Description as a Tweet:

Normal lists are boring; when you finish something all you get to do is cross it off. This list is not boring. When you complete a task, you get to experience the catharsis of watching the paper with the task on it get annihilated by automated scissors.


A lot of the time, like many others, I find it difficult to motivate myself to complete tasks. I think that if the reward for completing a task was more satisfying than just crossing it out, it would provide greater motivation to complete that task.

What it does:

This project is a system of managing todo items. Each item that must be completed is on a pulley, placed in order of when they will be completed. When a task is completed, the user presses a button which advances the clothesline-like pulley of tasks. As the first task on the line progresses, automated scissors activate and cut the paper in half. This gives a fun reward for completing an item off of a todo list.

How we built it:

First a simplified CAD model was created. In this model, the pulley was horizontal, but I eventually decided to make it vertical for easier and more stable construction.

Technologies we used:

  • C/C++/C#
  • Arduino
  • Robotics
  • Other Hardware

Challenges we ran into:

The original plan was to use a stepper motor to power the pulley system. This would have been good as a stepper motor would have allowed for precise movement. Instead, I found out that the stepper motor was not powerful enough to drive the pulley, or much of anything for that matter. In response, I went to the dollar store, and got a cheap RC car which drives the pulley. Initially, I wanted to directly wire either the controller to the Arduino to to control it electronically, but I do not have a soldering iron to rewire the circuitry with. Instead, I used a servo motor to press the button on the remote control that makes the car go forward. The original plan was also to utilize an ultrasonic sensor to automate the process completely, but that ended up developing issues. I ultimately decided that it would be better if the machine was "human operated" via holding down a button that would advance the pulley and then cut through the task. In theory, the scissor mechanism works well with paper that is just dangling, but in reality, the paper gets caught in the scissors rather than the scissors cutting through it. To fix this, I added weights to each paper to add some tension.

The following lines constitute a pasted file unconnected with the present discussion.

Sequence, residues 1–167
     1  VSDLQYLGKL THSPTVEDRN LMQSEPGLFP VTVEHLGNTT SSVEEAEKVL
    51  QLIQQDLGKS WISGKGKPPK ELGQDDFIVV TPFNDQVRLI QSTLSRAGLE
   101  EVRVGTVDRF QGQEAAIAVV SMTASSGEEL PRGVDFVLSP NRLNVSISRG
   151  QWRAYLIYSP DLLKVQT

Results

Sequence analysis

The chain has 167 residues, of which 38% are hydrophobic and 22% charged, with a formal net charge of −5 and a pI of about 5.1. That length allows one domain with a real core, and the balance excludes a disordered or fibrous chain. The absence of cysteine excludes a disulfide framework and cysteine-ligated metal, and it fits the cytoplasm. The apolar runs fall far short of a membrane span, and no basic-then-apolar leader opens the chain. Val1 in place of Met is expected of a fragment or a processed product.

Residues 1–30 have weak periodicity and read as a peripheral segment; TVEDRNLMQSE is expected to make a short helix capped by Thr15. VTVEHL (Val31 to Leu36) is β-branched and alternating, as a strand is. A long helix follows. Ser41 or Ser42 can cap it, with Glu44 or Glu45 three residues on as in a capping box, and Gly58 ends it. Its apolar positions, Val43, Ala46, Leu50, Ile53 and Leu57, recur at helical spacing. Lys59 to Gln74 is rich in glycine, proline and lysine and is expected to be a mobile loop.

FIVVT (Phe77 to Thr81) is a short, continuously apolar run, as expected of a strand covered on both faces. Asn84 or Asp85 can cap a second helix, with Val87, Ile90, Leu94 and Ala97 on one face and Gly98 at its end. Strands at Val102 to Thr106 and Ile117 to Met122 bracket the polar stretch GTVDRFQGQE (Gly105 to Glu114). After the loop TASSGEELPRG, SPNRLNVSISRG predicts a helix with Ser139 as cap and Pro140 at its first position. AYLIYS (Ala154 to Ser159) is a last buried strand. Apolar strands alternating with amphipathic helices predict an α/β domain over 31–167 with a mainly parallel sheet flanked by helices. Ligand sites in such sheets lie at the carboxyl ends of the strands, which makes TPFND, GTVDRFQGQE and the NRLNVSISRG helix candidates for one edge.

Accomplishments we're proud of:

My only real experience with Arduino prior to this has been a simple circuit that lit up some LEDs with a button, so I'm quite proud to have been able to learn on the fly how to use servos. In terms of the mechanical assembly itself, I'm proud of the 5 bar mechanism that actuates the scissors.

What we've learned:

I learned how to use the Arduino servo library. In learning this, I also learned how to quickly research and utilize unfamiliar tools.

What's next:

I think the next step with the most direct benefit is to find (or design) a more ideal pair of scissors for this design. The current scissors have too much space between the top and bottom, so without tension weights, the paper gets stuck. Also, I would like to get a more powerful stepper motor capable of driving the pulley directly instead of the RC car. While the RC car does fit the Rube Goldberg aesthetic, it is somewhat impractical for what I would like to eventually be an autonomous mechanism. On the subject of making the mechanism autonomous, I would like to finish a sensor implementation to make the functionality automatic. This would also require a stepper motor, as aforementioned. There is also a small bug in that it is difficult for the pulleys to bring large pieces of paper around the bend, so perhaps in a future version more pulverization is needed.

Built with:

Drill press, circular saw, hacksaw, various wood bits, a cheap RC car, assorted fasteners, rubber bands, an elastic band, foam core, Arduino, duct tape, the essence of chaos

Prizes we're going for:

  • Best Beginner Hardware Hack
  • Best Documentation
  • Funniest Hack

Prizes Won

Best Beginner Hardware Hack

Team Members

Nathan Silverman
Matt Silverman

Table Number

Table TBD